Act of Aggression reminds me of the original Command and Conquer, the one from Westwood that started it all.  Don’t get me wrong, Act of Aggression is solid.  A handful of bugs that spoiled saved games were taken care of quickly after release and the engine runs well even with a cluttered screen full of screaming shells dying troops, but it’s targeting a market at least a  decade in the past.

Act of Aggression is a ‘modern’ real-time strategy game.  The timeline is in the near-future where three quasi-shadowy factions vie against each other in different solo campaigns:  The Cartel, a nasty-bad coalition of selfish capitalists; the multinational UN military called Chimera which is a force to be reckoned with somehow, and the US Army, which doesn’t have a campaign (do I smell future expansion?).  

You can at least play all three sides in the skirmish mode, and all three are delightful melodies of multi-national troops with units that have modern-day equivalents.  For example, the Chimera infantry (which are all French because reasons) are referred to as “FELINs,” which reflects that they all use the FELIN combat system, which you can see in all the best armies in today’s Europe.  Other units carry the very real KRISS sub-machine gun, the Puma APC can be seen in German armies, etc.    It’s a nice flavor mechanic, and it’s even sprinkled in with some near-future tech, such as stealth technology and power-suits combined with hand-held heavy machine guns.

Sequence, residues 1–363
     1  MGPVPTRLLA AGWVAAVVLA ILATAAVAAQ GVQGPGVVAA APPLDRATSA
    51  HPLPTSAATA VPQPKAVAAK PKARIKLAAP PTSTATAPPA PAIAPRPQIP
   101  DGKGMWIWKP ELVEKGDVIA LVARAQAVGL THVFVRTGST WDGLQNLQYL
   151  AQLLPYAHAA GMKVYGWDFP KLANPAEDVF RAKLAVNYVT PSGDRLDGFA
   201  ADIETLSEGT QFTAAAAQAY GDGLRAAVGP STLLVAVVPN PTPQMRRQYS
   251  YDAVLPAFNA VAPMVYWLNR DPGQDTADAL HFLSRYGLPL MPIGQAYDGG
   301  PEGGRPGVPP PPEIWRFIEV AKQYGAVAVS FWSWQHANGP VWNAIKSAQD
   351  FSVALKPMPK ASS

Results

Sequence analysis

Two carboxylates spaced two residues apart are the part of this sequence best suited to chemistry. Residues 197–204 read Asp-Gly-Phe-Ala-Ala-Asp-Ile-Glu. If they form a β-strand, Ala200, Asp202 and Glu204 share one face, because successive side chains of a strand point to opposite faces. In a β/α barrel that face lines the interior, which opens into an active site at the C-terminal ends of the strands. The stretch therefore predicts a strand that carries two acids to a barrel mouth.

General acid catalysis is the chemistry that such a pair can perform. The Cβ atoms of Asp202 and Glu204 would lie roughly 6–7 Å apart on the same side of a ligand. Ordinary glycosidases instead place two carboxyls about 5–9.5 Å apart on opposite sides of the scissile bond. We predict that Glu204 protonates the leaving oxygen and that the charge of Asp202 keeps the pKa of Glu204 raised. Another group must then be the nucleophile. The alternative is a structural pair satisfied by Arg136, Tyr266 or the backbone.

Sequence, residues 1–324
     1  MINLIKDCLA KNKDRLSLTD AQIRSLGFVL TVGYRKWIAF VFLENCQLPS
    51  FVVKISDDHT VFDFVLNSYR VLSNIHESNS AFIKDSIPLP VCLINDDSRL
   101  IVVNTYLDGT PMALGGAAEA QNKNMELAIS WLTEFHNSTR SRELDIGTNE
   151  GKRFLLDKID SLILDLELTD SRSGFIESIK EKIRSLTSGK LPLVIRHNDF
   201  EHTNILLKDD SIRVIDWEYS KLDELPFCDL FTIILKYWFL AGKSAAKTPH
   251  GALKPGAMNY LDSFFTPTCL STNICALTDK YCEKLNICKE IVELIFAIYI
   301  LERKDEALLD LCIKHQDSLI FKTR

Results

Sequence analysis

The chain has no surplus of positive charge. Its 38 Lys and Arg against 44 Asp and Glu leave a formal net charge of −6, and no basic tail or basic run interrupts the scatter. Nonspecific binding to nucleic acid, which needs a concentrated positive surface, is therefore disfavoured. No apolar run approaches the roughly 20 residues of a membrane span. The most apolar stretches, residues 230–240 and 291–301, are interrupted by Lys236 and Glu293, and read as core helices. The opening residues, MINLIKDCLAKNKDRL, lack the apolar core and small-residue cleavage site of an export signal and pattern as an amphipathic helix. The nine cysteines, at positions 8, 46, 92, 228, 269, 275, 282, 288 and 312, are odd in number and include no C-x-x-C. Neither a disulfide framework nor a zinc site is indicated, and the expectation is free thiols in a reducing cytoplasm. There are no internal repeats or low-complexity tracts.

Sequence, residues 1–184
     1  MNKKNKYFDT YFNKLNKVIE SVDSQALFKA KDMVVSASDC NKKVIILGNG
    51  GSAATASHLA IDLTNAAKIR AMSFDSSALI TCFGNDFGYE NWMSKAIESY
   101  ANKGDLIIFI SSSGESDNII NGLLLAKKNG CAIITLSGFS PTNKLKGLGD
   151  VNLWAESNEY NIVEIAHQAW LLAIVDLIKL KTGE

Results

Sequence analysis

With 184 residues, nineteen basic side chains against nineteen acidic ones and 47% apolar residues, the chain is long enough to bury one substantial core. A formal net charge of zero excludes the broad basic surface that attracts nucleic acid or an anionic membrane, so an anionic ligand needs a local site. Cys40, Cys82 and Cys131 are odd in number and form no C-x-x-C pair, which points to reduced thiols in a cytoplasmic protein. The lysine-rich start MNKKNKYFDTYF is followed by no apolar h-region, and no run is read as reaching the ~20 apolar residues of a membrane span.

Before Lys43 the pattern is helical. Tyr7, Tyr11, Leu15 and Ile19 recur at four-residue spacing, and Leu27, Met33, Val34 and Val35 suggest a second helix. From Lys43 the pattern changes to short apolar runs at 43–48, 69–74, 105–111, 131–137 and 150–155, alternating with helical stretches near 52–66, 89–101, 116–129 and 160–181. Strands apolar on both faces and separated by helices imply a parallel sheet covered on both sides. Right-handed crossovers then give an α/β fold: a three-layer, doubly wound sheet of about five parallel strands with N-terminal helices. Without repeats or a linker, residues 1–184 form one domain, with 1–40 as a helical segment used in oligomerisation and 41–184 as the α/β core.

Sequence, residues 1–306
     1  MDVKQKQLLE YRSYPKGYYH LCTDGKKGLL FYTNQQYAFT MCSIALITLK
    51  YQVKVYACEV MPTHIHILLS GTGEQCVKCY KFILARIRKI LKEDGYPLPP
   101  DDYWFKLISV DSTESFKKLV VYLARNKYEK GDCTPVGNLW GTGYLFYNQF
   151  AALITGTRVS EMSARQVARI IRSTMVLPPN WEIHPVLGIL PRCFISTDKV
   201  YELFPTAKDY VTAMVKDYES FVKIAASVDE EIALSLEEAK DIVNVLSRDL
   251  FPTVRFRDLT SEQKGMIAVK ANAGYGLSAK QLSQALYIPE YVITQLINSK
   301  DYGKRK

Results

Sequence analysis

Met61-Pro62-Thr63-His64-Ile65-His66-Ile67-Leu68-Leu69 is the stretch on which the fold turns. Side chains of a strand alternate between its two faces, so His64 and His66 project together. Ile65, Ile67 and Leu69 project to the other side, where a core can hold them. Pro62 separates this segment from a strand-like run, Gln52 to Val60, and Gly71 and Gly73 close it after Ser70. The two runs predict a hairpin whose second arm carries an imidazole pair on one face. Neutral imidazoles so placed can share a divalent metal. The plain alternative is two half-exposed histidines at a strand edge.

For most maps you are given a base from which you make a combination of resource-gathering buildings and unit-producing buildings, and then you make enough units to go out and get slaught–erm, ah, valiantly find and slay the evil doers.  Yes, your troops will get regularly obliterated on the skull-numbingly hard single player campaign, but there is a new mechanic of allowing foot soldiers to occupy buildings so they have a modicum of protection, at least until the vehicles roll in and blow them to smithereens from outside their range.

Your UN overseers give you thinly veiled backstory as you are indiscriminately placed in mildly different maps with semi-urban environments, with an almost-random carousel of units to choose from as you are commanded to chase shadowy terrorist organizations around the world.  Alas, the plot is quite obviously an afterthought to shoehorn you into the next murder field.  The mission details are given as if you are eavesdropping on a phone call and without either the eye-contact of a caring NPC or quality voice acting, the lack of a personally gripping motivation lets the details of who you are chasing and why slip into gelatinous pool of grey haze.  Of course a game doesn’t need to blow the FX budget on mission intros, but does it really take that much to have an actor read their lines meaningfully into a camera so your boring story at least has a personal touch?  From C&C’s egomaniacle Cain to Army of Two’s Alice, it’s always better to give at least a hint of intimate contact.